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Dems override Roberts Court Ledbetter decision


The legislation overrides a May 2007 Supreme Court ruling that Ledbetter, a Goodyear Tire and Rubber Company employee in Gadsden, Ala., couldn't sue her employer for pay discrimination because she didn't file suit within 180 days of the alleged discriminatory act.

"It set us back 40 years in our fight for equal opportunity in the workplace," said Sen. Patty Murray, D-Wash.

For women such as Sharon Davis of Rhode Island, who filed a pay equity claim against her employer, the new law would allow her to seek back pay dating back to 2006, instead of only the six months before she filed in July 2008.

Ledbetter roamed the Capitol's halls on Thursday, explaining to lawmakers and reporters that she was unaware of the pay disparity during most of the 19 years she worked at Goodyear.

"Pay levels were a big secret," she said, "but an anonymous person left a note in my mailbox at work one day, comparing my pay to that of three male managers — and that's when I knew I'd been the victim of pay discrimination."

She calmly recalled how "I started at a lower salary, and they gave me lower raises, over and over again." She sought help from the Equal Employment Opportunity Commission just before she retired in 1998, and the case wound through the courts.

After the Supreme Court ruled against her, three months later the House voted to override the decision, but a Senate filibuster stopped the effort.

The sight of Ledbetter, however, as well as the notion that this could be the year's major civil rights effort [interesting], helped forge a determined Senate majority.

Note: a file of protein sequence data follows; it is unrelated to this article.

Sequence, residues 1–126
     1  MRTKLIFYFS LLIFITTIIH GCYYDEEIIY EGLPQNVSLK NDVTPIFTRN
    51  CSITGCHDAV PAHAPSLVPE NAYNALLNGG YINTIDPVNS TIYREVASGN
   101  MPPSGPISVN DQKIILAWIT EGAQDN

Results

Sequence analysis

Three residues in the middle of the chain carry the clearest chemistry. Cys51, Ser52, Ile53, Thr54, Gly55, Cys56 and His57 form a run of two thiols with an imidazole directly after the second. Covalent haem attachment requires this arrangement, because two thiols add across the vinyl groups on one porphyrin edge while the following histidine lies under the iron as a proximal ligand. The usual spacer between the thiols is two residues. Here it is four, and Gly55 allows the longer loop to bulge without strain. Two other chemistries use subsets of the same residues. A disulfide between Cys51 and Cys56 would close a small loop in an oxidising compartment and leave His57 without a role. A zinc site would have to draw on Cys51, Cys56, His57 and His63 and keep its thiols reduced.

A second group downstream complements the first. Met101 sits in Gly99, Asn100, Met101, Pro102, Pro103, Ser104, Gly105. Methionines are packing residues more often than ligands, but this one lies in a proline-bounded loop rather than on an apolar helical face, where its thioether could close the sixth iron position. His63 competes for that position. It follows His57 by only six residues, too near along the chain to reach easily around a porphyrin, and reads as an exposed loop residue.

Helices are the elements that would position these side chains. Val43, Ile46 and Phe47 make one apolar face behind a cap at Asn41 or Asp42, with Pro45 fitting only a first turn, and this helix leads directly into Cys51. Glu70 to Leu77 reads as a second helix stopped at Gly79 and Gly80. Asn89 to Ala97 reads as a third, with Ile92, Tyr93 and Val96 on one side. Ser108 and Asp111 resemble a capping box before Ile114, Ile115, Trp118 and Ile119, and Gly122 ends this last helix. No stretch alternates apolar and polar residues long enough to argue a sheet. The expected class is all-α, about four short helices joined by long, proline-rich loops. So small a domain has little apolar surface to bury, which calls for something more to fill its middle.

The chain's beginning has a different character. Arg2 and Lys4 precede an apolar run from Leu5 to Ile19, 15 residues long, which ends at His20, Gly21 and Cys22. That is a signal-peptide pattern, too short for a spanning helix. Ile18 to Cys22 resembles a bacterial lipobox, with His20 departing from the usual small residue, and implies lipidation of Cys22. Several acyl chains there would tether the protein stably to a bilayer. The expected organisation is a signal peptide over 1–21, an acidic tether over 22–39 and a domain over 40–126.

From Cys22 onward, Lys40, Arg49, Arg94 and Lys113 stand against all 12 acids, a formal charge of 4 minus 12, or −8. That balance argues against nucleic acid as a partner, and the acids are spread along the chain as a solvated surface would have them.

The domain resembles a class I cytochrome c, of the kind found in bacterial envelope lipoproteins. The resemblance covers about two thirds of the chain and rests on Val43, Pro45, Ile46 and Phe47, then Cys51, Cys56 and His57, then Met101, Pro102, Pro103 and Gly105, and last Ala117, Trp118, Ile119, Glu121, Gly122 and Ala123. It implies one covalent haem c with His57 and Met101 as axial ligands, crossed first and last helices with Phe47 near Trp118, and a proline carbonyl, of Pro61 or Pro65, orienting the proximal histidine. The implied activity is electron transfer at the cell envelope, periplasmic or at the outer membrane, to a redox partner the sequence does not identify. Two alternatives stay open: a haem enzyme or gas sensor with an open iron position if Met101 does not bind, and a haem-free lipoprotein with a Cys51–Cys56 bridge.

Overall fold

As the day wore on, Ledbetter stood outside the chamber, explaining the bill's importance. "I will never see a cent from my case," she said, "but if this bill passes, I'll have an even richer reward because I'll known that my daughters and granddaughters, and your daughters and granddaughters will get a better deal."

Leading the chorus of Senate supporters was Sen. Barbara Mikulski, D-Md. "Doesn't that just give you chills?" she asked.

Well done. Low hanging fruit, but well done.

NOTE The normally level-headed McClatchy has this Obamagasmic headline:

Senate approves landmark equal pay legislation

No. Undoing one piece of Republican viciousness is not a landmark. Something like, oh, time off work for a year after the birth of a child would be a landmark. Single payer would be a landmark. Less compliance, more demands, please.

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Damon's picture
Submitted by Damon on

Really. I'm enjoying some of the more immediate victories.

The sight of Ledbetter, however, as well as the notion that this could be the year's major civil rights effort [interesting], helped forge a determined Senate majority.

Somehow, I doubt that, and I think the author is naive to think this will be the only push we see. If marriage and prison sentencing don't come up, this year, I'd be very surprised. As you hit upon in another thread a few days ago, there are tons of people who've been patiently waiting to cash their checks.

But, we've always been at war with Eastasia...